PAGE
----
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Gyorgy Ligeti dies


"We have lost one of the greatest composers of the 20th century."

Gyorgy Ligeti, undoubtedly one of the most important composers of his generation has died today, aged 83.

Ligeti became known to the wider public after his music was used in Stanley Kubrick's film 2001: A Space Odyssey, but amongst musicians he was appreciated as an outstanding musical mind, and one of the very few post-war composers to bring wit and joie de vivre to the sometimes grey world of contemporary music.

"György Ligeti was an adventurer in form and expression and a great visionary of contemporary music. His richly varied output takes a special position in its musical quality and uncompromising individuality. Ligeti moved far away from aesthetic trends and methods all his life. He was characterized by fresh and unorthodox ideas, any form of dogmatism was foreign to his nature, his entire oeuvre is marked by radical turning points. Admired and hugely influential in the profession, the sensual accessibility of his music has won the hearts of audiences everywhere. "

via Schott website

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UYMP Sign Paul Mealor


In a busy few weeks of new publishing deals the University of York Music Publisher's have announced the signing of Paul Mealor. UYMP (who represent composers as varied as Robert Saxton, Jo Kondo, Trevor Wishart, Elisabeth Lutyens and Anthony Gilbert) describe Mealor as 'a real and original talent' and press quotes include descriptions of music of 'throbbing intensity' which is 'powerful and deeply moving'.

Mealor is currently Head of Composition at Aberdeen University, Visiting Professor at New York University and director of the Northop Festival.
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Faber Music Sign Tansy Davies


Faber music Ltd. have recently announced the signing of a publishing deal with British composer Tansy Davies (b. 1973).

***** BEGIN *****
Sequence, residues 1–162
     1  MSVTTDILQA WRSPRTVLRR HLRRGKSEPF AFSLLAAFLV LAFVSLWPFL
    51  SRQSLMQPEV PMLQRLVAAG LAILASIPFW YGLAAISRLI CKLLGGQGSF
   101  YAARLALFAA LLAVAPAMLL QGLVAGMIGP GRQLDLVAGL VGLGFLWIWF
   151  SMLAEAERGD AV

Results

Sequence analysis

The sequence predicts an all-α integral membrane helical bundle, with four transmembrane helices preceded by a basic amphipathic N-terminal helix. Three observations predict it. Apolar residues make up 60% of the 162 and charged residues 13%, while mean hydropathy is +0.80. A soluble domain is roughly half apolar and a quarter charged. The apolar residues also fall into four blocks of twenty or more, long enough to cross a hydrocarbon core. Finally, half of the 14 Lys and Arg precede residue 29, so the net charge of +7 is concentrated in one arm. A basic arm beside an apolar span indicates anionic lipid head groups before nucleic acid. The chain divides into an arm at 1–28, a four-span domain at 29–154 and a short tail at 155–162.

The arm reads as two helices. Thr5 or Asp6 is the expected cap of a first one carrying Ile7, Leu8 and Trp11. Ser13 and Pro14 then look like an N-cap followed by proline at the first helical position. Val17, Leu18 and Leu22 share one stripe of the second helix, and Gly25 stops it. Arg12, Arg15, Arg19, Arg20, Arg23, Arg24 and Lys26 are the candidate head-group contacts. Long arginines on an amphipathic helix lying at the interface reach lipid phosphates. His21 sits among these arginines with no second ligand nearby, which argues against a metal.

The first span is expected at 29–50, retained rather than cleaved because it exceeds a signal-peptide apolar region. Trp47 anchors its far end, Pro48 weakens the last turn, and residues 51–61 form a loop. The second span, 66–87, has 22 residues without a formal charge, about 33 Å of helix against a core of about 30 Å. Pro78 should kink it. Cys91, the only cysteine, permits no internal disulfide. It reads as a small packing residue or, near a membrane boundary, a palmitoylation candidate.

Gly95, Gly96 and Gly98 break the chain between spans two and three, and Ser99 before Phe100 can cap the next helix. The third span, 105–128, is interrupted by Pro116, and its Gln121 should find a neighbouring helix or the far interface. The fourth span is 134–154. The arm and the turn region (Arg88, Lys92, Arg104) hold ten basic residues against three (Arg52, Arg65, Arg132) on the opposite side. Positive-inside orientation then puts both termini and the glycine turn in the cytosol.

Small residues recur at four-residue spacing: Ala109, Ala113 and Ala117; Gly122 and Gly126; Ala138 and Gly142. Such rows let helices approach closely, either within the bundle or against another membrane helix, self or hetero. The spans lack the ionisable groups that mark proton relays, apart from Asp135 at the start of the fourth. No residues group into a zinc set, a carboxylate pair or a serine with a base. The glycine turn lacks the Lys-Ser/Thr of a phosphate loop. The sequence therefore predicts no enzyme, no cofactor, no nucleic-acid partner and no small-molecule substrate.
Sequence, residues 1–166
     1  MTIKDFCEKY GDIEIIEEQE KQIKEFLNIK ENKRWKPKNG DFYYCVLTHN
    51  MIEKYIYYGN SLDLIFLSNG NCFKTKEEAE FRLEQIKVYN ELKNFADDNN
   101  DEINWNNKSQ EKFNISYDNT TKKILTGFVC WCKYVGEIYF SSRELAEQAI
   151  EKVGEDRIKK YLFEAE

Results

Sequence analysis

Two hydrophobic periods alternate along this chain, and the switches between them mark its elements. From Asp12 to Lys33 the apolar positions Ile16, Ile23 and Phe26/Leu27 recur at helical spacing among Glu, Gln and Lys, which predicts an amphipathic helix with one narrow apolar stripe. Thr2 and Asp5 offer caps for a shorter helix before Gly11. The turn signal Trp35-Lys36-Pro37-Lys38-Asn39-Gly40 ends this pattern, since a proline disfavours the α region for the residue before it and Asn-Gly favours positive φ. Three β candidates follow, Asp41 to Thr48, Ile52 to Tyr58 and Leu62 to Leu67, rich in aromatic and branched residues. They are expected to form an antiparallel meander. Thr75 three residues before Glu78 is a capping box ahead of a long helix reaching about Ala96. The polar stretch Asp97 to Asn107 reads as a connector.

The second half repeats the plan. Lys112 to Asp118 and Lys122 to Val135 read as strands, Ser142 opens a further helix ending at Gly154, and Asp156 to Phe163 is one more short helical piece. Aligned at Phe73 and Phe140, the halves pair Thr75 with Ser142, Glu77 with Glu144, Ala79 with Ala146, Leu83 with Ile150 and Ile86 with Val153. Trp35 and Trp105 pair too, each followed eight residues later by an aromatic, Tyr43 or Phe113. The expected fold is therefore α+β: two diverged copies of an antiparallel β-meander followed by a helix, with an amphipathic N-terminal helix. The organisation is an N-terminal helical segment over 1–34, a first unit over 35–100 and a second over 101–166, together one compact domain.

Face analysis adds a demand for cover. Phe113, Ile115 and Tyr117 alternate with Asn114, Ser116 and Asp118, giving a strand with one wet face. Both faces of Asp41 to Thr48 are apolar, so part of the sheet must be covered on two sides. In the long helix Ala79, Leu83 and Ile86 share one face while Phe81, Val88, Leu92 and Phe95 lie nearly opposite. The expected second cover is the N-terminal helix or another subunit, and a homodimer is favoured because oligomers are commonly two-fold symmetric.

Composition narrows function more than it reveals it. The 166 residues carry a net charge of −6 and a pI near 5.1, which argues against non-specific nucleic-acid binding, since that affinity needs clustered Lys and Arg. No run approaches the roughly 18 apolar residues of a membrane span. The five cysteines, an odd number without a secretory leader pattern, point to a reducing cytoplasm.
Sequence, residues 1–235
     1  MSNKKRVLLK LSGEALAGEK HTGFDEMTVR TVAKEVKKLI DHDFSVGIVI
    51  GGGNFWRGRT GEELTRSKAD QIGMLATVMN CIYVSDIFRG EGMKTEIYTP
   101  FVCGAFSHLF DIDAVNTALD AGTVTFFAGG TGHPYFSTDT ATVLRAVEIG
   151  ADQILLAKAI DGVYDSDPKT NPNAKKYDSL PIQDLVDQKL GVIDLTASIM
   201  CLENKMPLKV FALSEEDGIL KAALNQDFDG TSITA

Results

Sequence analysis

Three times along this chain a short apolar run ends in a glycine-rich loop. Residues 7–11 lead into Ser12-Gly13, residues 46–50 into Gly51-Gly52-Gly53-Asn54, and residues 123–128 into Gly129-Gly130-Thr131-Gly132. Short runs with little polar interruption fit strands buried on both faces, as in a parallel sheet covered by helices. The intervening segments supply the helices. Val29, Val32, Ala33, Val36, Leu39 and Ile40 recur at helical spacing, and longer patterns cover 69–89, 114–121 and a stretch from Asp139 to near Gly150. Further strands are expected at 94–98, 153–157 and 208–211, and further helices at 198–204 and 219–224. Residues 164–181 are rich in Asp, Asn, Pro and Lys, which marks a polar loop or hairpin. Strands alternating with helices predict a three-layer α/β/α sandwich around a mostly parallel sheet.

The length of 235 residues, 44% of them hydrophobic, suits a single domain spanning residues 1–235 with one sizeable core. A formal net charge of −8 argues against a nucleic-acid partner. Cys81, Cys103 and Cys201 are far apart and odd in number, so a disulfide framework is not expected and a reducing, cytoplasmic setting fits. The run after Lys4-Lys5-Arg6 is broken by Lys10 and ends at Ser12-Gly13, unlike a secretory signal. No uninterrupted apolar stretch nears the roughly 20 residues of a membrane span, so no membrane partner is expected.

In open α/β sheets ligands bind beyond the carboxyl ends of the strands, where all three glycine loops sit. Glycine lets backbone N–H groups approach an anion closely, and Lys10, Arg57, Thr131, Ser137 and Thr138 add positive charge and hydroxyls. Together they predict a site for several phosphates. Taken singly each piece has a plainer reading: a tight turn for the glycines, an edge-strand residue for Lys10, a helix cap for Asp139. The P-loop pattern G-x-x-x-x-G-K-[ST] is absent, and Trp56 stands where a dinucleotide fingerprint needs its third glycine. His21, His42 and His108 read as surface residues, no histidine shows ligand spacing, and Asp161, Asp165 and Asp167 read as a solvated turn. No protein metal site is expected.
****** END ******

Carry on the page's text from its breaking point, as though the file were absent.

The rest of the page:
Davies (whose music has been commisioned by ensembles including the LSO, Aldeburgh Festival, London Sinfonietta, the BBC and the Composers Ensemble) originally studied the french horn and composition at the Colchester Institute before studying with Simon Bainbridge at the Guildhal School of Music and Drama and then for a PhD with Simon Holt at Royal Holloway University, London. Davies is currently Composer in Residence at Royal Holloway and has an impressive list of forthcoming premieres/commisions.
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"Classical music is a living clture..."


Scottish composer James MacMillan recently won a Classical Brit Award for the record label Chandos' recording of his Symphony no. 3: Silence. The disc, featuring the BBC Philharmonic conducted by the composer, also features The Confession of Isobel Gowdie.

On receiving the award MacMillan said "an award like this, where the work of a living composer is celebrated at such an event, sends a very clear signal to the world of classical music and beyond, that classical music is a living culture as well as a museum culture and I think that is very important and always has been, and if that can encourage younger composers to continue and write and be creative, I'd be delighted."
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Film Star Turns (Film) Composer